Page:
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Macau gaming stocks fall after reports of visa, Chinese credit card restrictions

Worries that China will limit the number of times citizens from the mainland can visit Macau, coupled with new government restrictions on credit card spending, caused gaming stocks to nosedive on the Hong Kong Stock Exchange Tuesday.

Macau-based subsidiaries of Las Vegas Sands Corp. and Wynn Resorts Ltd. declined sharply in value on the Hong Kong Stock Exchange.

Wall Street tried, with some success, to defuse speculation before American markets opened. Las Vegas Sands, Wynn Resorts and MGM Resorts International – all of which have Macau subsidiaries listed on the Hong Kong Stock Exchange – ended trading in New York Tuesday with relatively little change from Monday’s closing prices.

“We don’t think there was a great deal of logic behind the stocks’ decline yesterday,” Nomura Securities gaming analyst Harry Curtis told U.S. investors.

On the New York Stock Exchange, Las Vegas Sands rose 9 cents, or 0.21 percent, to close at $42.99, MGM Resorts was also up 9 cents, or 0.86 percent, to close at $10.58. Wynn fell 2 cents, or 0.02 percent, to close at $102.04 on the Nasdaq Global Select Market.

“If there is any impact, it is likely to be temporary rather than have a deep impact on the sector’s longer term fundamentals,” JP Morgan gaming analyst Joe Greff told investors.

Media in Macau and Hong Kong this week reported that the Guangdong provincial government might limit its residents to three visas to visit Macau per year, down from four. Macau is the only legal gaming area in China.

China has at various times restricted travel to Macau, a former Portuguese colony now operated separately from Beijing as a special administrative region.

In 2008, China put visa restrictions in place, citing concerns of a rapid increase in the Macau gaming market. The restrictions immediately led to a slowdown in gaming revenues. Macau casinos saw just a 10 percent growth in revenues that year, down from 28 percent the year before.

It was also reported that China UnionPay, China’s bankcard system, lowered its daily foreign transaction limit by a undisclosed figure. That would limit the amount customers can charge while overseas or in Macau.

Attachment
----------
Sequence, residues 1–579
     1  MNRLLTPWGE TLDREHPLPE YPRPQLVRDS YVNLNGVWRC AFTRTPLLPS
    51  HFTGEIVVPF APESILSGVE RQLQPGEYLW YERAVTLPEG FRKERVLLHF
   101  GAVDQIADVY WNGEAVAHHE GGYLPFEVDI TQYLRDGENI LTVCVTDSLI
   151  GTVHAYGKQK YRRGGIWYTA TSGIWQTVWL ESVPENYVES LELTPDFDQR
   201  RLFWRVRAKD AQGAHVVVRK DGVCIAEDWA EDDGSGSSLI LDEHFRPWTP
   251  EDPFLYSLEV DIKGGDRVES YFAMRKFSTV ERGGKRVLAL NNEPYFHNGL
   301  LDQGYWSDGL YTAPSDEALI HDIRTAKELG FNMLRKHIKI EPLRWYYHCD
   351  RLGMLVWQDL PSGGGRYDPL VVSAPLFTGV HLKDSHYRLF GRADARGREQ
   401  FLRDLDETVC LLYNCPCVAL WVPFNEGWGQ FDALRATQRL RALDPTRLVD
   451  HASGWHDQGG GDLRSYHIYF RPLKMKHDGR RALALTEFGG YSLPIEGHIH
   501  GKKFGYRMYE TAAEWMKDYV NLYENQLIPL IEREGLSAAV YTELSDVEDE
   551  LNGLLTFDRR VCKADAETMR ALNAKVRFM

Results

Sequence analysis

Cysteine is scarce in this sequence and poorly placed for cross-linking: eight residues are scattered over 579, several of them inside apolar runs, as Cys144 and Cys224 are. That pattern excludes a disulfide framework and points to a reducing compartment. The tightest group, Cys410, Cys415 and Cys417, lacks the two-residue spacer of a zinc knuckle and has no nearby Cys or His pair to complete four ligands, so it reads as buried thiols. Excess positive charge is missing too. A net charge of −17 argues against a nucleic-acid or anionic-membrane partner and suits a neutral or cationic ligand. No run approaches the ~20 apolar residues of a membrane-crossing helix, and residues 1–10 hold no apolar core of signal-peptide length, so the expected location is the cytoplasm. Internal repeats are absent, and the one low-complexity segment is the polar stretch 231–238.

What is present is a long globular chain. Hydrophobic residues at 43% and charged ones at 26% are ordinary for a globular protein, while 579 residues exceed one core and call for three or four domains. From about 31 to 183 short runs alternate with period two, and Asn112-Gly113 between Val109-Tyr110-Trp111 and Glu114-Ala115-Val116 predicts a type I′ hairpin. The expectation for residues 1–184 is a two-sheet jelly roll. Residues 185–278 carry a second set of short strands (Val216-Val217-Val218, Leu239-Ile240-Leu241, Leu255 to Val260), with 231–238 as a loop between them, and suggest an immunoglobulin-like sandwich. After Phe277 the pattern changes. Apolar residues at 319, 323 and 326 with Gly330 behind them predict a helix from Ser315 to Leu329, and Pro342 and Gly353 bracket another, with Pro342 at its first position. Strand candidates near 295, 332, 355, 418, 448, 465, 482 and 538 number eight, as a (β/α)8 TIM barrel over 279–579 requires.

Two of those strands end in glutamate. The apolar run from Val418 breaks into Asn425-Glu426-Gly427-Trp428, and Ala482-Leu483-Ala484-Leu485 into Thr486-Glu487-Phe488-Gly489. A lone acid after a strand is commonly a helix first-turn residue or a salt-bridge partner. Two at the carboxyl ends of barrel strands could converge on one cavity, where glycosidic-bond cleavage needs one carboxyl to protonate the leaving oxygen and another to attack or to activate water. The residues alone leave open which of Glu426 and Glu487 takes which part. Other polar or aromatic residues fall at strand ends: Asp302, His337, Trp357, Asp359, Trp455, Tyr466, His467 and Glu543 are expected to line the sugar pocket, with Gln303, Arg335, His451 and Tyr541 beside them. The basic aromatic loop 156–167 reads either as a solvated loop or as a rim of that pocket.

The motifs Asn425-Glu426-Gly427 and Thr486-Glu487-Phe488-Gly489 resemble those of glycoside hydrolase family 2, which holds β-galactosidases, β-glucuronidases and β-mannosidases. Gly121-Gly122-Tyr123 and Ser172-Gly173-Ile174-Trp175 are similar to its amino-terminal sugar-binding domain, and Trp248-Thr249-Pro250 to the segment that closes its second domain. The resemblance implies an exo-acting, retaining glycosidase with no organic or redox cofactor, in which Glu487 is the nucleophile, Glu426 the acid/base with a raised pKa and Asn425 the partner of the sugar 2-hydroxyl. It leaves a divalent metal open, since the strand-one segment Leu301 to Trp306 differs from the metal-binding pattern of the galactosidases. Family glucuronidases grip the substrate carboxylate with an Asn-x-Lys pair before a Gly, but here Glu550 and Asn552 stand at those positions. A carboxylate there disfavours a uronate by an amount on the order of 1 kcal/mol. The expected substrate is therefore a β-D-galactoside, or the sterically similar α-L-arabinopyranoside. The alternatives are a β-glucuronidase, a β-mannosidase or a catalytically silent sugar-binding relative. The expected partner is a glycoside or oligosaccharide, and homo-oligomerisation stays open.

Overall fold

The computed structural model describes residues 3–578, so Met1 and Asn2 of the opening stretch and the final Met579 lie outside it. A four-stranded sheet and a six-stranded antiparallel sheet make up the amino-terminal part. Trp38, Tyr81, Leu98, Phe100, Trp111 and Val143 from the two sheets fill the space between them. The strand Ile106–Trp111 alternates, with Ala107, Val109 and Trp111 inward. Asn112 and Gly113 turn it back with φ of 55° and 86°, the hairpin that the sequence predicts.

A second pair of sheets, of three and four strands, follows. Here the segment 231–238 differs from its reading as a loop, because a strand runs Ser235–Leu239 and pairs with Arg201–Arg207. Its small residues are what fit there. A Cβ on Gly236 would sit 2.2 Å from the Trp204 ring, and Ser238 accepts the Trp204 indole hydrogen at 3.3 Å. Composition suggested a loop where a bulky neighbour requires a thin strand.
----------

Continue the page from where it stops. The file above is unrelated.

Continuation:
Macau is the world’s largest gaming market, producing more than $33.5 billion in gaming revenues in 2011, more than five times the gaming revenues produced last year on the Strip.

In May, Macau gaming revenues of $3.26 billion – the second-largest single-month revenue total ever recorded – was considered a disappointment. Gaming revenues grew 7.3 percent compared with May 2011. It was the first time since July 2009 that the gaming revenue increase failed to hit a double-digit percentage.

Based on news of the visa restrictions and credit card limits, analysts warned investors that Macau’s gaming revenue growth in June could again fall short of a double-digit percentage increase.

Deutsche Bank gaming analyst Andrew Zarnett said visa restrictions would likely slow the volume of mass market visitation into Macau, rather than high-end customers who travel primarily on business visas.

“Although there is no official statement pertaining to changes, the visa restriction may be put in place temporarily to slow down the frequency of visitations from mainland China,” Zarnett told investors. “If this policy is enforced through the second half of 2012, we view this event as a negative for the mass market, which comprises approximately 40 percent of the Macau gaming market.”

Union Gaming Group principal Grant Govertsen, who is based in Macau, said it is often impossible to separate fact from speculation in the Chinese media. Shares of gaming companies listed on both U.S. and Hong Kong markets are sensitive to “unverifiable” headlines.

“When taken in the context of the decline in visitation in May, it might appear that there could be some substance to the speculation,” Govertsen said. “However, we believe that operators are generally experiencing year-over-year increases in visitor volumes in June, while gross gaming revenue growth is trending up nicely.”

Contact reporter Howard Stutz at hstutz@reviewjournal.com or 702-477-3871.
Follow @howardstutz on Twitter.

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